Italy is a very agricultural country. Not so much a fashionably trendy country like France, or a speedy motor sporter like the Germans, but they surely make great caffe latte and caffe americano or caffe luongo. Aside from humour, due to its naturally hilly terrains, cool mediterranean climate (overall favorable geographic location) agriculture has been and still is a very powerful asset to the country. We see a boat load of food imports and the questionable “food imports”, from Italy each year. But what we see and receive are just a small percentage of what they really grow and enjoy. Mostly in the form of coffee, olive (oils), wine, and cheese, they produce, harvest and farm much much more. Unfortunately, despite only seeing a small percentage of their products, those are the few available that could sustain freshness during its trip and storage to the US.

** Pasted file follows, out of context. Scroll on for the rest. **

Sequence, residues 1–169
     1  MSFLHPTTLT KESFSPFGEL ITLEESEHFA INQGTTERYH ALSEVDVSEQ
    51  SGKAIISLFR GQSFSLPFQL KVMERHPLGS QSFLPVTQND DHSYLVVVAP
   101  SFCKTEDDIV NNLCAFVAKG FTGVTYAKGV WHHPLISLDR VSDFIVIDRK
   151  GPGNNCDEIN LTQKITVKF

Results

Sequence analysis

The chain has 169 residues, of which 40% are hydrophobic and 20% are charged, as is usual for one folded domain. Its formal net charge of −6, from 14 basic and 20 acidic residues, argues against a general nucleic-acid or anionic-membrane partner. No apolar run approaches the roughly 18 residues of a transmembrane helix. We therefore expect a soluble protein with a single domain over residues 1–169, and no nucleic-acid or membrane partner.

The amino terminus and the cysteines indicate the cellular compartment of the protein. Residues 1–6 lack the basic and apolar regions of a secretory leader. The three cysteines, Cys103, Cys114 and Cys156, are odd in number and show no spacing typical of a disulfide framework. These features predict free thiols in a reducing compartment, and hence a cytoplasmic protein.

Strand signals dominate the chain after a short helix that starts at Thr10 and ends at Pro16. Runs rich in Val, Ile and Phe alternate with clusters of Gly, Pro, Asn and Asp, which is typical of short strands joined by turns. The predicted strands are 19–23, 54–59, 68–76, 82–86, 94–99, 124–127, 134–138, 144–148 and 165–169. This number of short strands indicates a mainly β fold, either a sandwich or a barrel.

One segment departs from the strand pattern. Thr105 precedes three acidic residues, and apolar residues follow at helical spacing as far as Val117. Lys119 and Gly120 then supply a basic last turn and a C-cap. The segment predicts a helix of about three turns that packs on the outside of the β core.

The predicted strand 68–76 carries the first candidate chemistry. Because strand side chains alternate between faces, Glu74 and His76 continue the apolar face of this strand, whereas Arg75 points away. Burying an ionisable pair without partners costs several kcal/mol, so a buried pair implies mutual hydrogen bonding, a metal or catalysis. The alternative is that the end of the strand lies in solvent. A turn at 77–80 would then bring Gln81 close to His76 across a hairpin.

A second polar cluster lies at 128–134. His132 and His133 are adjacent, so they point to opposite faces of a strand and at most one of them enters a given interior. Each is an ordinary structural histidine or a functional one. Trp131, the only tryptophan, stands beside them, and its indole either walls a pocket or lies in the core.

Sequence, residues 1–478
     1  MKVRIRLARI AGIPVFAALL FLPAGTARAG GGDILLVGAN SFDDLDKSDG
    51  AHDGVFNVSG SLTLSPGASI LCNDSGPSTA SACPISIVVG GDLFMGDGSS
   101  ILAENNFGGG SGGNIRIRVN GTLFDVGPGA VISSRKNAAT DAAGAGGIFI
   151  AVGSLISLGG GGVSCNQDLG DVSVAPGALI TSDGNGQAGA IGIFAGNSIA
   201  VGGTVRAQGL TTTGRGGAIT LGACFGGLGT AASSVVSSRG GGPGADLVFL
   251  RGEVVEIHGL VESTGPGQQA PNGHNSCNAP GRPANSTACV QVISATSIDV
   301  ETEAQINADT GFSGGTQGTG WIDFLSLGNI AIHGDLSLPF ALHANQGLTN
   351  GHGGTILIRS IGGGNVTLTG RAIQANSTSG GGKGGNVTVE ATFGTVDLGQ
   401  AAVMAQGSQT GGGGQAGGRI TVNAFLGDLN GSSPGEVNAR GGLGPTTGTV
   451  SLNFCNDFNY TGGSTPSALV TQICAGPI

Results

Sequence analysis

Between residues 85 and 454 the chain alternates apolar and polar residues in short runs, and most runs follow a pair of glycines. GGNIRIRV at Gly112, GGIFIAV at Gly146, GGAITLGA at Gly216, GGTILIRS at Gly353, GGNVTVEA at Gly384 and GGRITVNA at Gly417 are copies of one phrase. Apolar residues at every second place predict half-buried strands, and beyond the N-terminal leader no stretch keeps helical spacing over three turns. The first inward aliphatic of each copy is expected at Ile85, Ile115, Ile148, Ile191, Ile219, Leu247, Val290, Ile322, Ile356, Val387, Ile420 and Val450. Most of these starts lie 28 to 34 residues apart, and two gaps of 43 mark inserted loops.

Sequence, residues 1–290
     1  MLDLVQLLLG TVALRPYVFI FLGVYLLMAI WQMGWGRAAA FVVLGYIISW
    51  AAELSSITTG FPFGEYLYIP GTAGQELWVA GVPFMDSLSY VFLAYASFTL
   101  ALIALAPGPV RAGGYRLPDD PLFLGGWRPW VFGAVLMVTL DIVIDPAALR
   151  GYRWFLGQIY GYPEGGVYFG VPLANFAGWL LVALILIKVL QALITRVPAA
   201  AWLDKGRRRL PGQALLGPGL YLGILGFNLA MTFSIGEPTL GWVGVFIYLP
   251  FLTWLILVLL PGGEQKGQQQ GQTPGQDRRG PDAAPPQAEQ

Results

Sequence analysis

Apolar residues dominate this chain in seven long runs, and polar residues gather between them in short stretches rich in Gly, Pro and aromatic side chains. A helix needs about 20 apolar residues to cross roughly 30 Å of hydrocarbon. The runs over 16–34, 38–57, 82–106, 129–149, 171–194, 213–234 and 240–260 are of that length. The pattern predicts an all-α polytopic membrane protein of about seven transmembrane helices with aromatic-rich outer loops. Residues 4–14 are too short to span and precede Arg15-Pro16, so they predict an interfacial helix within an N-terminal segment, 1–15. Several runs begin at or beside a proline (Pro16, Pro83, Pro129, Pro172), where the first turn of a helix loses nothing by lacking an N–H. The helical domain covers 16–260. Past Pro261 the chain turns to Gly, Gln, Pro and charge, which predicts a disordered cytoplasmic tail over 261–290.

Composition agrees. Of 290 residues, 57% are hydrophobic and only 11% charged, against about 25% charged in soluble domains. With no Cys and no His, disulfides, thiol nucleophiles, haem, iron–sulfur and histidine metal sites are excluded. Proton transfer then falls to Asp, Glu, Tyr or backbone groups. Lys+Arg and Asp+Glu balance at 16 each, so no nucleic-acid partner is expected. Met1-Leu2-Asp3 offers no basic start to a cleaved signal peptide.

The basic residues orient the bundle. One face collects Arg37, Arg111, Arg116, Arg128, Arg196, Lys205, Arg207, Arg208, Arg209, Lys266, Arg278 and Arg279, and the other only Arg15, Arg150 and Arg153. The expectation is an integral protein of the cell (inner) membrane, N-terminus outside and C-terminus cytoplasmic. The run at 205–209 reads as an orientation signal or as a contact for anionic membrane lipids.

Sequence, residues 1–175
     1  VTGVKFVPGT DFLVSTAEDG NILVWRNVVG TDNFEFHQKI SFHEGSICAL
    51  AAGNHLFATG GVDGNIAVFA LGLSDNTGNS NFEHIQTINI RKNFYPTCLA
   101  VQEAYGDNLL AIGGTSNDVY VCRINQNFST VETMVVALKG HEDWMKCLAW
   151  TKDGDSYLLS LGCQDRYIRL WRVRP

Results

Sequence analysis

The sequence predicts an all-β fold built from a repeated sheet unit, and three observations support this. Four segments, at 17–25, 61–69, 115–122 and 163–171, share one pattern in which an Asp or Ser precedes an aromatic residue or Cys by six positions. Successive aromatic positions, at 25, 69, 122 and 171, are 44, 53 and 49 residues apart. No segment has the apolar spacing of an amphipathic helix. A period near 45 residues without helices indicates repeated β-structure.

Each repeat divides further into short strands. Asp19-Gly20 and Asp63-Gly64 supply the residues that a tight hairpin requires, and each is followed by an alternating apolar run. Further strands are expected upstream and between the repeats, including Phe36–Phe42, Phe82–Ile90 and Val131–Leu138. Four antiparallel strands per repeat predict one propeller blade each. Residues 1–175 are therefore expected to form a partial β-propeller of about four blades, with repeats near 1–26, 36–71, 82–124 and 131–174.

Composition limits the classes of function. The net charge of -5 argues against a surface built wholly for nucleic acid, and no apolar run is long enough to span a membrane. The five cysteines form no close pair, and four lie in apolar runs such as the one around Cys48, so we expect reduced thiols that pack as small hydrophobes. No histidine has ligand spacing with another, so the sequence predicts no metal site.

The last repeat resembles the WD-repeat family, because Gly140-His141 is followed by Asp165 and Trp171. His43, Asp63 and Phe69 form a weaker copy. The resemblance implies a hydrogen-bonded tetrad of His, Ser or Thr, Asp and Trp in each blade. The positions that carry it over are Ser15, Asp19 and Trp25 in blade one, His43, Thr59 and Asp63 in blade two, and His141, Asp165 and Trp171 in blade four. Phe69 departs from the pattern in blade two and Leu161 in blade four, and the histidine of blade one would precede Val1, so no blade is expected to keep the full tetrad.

No matter the fact of limited varieties and exceptions, it’s far more important to conserve the few. The few within the few that lives by exporting their products and the few that holds their passion in their products. I’m talking about the farmers, the individual families owning, farming and trying to make a living and keeping up with history. History that has continued consistently for generations and kept within the family tradition. Alike American agricultural societies, where farming has decreased dramatically over the past 50 years, it’s the same problem there as well, possibly a little more dramatic. But with the ever changing society, improvements in technologies, and more we become detached with nature, changes results in a diminishing activity. For this case, olive oil farmers.